• Distance to river and geophysical characteristics are important factors affecting farmers’ decision

• Market driven

Section IV: Modeling land use when data are mixed at micro- and aggregate level

―A Spatial Nested Land Use Model

Land Use Model Structure: Two-level Nested Logit

Decision Maker

Cropland

Mosaic of Cropland

Shrub/

Grassland

Forests

Other Uses

Upper Level

Beans

Cassava

Cotton

Groundnuts

Maize

Rice

Soybean

Sugarcane

Sweet potatoes

Lower Level

• Choice variable: Land cover (MODIS or GLC2000)

• Note this variable is usually available with fine resolution, e.g., 500 meters or 1 km

• Explanatory variables

• Socioeconomic factors: population density, market access

• Site-specific variables: elevation, terrain slope, soil PH

• Climate variables: annual precipitation, annual mean temperature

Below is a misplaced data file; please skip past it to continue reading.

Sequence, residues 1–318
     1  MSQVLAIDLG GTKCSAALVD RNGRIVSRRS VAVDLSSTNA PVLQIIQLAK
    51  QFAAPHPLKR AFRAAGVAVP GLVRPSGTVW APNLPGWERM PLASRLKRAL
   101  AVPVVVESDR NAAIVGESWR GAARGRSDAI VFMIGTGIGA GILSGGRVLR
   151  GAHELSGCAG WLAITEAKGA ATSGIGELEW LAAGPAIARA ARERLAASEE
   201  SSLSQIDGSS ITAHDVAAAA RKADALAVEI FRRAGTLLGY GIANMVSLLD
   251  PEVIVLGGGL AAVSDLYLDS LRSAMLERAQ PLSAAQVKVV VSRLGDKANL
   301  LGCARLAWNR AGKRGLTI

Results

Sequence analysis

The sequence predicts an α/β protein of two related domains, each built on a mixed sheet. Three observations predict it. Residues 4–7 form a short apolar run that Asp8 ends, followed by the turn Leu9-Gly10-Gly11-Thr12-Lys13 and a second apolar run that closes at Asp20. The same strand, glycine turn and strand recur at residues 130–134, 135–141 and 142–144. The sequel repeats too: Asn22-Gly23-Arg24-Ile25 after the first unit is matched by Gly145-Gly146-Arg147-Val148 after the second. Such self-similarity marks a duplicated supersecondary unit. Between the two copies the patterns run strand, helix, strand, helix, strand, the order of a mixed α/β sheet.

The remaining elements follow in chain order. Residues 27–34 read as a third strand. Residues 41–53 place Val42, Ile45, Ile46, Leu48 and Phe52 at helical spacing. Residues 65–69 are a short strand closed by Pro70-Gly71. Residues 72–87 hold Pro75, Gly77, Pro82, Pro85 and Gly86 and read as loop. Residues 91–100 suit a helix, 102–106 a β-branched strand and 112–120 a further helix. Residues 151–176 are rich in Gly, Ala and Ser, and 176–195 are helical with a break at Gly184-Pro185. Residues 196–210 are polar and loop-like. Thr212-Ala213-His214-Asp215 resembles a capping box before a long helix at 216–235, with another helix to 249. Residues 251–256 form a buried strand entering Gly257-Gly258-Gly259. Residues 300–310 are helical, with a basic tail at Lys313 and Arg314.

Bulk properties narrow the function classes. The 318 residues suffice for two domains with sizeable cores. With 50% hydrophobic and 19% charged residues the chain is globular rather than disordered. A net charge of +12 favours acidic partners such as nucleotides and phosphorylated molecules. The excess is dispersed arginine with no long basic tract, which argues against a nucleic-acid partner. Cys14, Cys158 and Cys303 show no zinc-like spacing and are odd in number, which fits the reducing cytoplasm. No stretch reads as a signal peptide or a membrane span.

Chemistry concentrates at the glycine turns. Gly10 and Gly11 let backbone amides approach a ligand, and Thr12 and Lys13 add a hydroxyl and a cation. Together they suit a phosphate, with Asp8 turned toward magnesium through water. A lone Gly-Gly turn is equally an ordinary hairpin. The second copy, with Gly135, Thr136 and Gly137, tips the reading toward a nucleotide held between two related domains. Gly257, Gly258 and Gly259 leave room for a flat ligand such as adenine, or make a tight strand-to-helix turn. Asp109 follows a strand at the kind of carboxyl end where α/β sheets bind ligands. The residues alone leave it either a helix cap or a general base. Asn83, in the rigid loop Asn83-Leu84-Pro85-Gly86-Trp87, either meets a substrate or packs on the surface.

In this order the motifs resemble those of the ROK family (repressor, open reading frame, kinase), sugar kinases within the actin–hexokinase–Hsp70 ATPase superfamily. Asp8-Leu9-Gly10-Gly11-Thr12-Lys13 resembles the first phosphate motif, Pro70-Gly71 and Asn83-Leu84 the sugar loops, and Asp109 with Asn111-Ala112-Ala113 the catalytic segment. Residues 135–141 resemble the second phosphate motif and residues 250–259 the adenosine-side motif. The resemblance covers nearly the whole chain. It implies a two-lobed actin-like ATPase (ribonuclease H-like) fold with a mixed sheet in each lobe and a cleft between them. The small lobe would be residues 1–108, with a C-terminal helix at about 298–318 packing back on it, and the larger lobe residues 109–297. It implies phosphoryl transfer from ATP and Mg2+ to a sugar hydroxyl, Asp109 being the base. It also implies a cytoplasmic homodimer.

• Institutional factors: protected area (dummy variable)

• Variable as a link to the lower-level model: estimated inclusive values from the lower-level model

• Choice variable: Provincial-/county-level share of harvested area for each crop

• Note unlike the choice variable at the upper-level, this variable are NOT available with fine resolution

• Explanatory variables

• Crop suitability

• Crop price (spatially explicit, one period lag)

• Inertia variable (lagged crop area)

• Estimate the nested model in a sequential fashion from the lower level to the upper level

• Maximum likelihood method

• Analysis unit

• Lower level: Province/county

• Upper level: land grid

• The government plans to pave 8,500 km of roads and improve railways, ferries and boats (Ulimwengu et al. 2009)